Prince Philip, Duke of Edinburgh, by Stuart Pearson Wright
Through the years, Prince Philip, Duke of Edinburgh has not been the most… liked monarch. It could be argued that the royals of today are under more scrutiny than ever due to the debated necessity of their roles entirely. They’re basically symbolic figureheads at this point. But they also have a harder time winning public opinion due to social media, news media, and television. His character depiction in The Crown was not particularly flattering. Pairing those factors along with the circulating rumors of his involvement in particularly unsavory crimes – it’s no wonder he was bound to rack up a bad portrait. In 2004 Stuart Pearson Wright was given the green light by Prince Philip, the Duke of Edinburgh, to do his royal portrait. The Duke declined an invitation to model at the artist’s studio, an old sausage factory in east London. Instead, he insisted that Stuart came to Buckingham palace for four one-hour sessions.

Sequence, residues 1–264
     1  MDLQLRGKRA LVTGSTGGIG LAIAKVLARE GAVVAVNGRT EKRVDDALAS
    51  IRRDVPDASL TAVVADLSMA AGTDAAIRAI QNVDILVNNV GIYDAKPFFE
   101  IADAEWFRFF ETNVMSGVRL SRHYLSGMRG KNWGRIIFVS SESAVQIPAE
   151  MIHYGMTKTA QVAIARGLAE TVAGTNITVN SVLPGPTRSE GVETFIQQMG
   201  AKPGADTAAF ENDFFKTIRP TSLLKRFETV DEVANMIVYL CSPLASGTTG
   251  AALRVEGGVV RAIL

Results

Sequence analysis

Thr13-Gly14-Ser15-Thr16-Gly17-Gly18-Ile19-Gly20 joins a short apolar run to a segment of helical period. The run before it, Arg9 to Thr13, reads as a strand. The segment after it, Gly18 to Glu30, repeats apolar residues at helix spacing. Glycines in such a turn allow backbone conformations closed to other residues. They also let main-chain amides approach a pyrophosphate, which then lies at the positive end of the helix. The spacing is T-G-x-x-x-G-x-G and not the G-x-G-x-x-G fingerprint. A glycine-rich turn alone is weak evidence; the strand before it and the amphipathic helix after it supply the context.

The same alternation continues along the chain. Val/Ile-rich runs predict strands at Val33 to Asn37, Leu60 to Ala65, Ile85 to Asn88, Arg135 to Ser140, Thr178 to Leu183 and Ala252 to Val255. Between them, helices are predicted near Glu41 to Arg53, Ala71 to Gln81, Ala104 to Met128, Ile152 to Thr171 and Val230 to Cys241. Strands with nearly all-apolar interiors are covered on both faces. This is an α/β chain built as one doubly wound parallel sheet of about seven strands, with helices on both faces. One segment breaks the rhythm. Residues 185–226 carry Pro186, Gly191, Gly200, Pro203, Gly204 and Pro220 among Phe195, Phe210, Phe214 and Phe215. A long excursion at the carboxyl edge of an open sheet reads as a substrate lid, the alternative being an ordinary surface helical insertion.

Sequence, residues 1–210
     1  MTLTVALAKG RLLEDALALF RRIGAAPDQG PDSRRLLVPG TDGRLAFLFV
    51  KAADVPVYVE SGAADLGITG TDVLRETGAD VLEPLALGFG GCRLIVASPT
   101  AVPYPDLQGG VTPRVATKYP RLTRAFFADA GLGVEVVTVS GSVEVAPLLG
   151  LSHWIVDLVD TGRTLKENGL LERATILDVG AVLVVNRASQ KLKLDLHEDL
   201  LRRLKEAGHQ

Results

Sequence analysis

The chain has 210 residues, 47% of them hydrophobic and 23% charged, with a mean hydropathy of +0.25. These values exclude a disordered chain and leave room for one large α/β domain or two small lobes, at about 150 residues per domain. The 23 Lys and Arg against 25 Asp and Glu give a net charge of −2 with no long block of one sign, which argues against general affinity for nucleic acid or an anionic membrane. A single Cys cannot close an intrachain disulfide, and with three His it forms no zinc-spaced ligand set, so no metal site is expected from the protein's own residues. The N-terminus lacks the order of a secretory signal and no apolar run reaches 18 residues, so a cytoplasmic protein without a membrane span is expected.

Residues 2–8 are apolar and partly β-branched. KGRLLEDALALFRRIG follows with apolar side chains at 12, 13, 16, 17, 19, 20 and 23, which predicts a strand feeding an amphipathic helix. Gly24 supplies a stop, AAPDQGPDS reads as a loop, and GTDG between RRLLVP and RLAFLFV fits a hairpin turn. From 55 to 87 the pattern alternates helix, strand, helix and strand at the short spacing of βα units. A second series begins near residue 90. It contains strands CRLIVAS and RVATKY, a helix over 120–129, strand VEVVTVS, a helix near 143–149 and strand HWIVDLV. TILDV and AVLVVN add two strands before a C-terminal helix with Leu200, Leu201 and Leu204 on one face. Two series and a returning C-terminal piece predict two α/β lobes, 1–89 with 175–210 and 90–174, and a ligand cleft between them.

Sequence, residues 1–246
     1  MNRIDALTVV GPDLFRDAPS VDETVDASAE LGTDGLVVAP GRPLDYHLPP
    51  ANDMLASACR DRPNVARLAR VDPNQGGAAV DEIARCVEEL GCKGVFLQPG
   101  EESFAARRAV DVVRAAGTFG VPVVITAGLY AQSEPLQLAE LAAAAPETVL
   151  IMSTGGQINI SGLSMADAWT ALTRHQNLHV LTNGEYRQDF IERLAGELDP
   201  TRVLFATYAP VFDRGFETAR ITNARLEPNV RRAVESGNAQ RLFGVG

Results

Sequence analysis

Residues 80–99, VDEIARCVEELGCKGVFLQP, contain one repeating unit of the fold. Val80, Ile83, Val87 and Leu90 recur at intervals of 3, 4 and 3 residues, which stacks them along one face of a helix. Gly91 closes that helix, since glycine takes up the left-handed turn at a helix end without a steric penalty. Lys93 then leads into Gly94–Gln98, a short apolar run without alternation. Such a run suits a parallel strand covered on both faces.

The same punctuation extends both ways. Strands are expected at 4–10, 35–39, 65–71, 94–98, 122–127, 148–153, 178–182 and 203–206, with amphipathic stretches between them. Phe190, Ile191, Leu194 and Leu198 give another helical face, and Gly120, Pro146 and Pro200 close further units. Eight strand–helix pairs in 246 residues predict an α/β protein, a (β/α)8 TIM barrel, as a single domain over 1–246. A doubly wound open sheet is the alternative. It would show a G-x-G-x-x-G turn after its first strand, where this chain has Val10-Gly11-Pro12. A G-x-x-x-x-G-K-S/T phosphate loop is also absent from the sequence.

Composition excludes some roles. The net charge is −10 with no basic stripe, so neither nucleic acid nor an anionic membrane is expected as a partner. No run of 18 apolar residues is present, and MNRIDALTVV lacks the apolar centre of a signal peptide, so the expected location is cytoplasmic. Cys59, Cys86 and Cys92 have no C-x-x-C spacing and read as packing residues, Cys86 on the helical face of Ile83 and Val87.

The title of the resulting work is Homo sapiens, Lepidium sativum and Calliphora vomitoria, which is essentially a pretentious Latin translation of “a wise man, some cress, and a bluebottle”. It does exactly what it says on the tin. The bluebottle might seem completely random, and to a large extent it is. But it does derive from the Vanitas tradition in art, which interpolates a worm-eaten apple or falling rose or something similar to tie us to nature and remind us that all flesh is grass. The cress, according to the artist, is a reference to the Prince as seed-bearer to the royal family (good luck trying to get that image out of your head). And then there’s the chest hair. No, it’s not Philip’s torso. It belongs to an anonymous, elderly gentleman who lives in London’s Bethnal Green. Apparently, he was rather startled that his chest had ended up superimposed on the Duke of Edinburgh, but also quite flattered.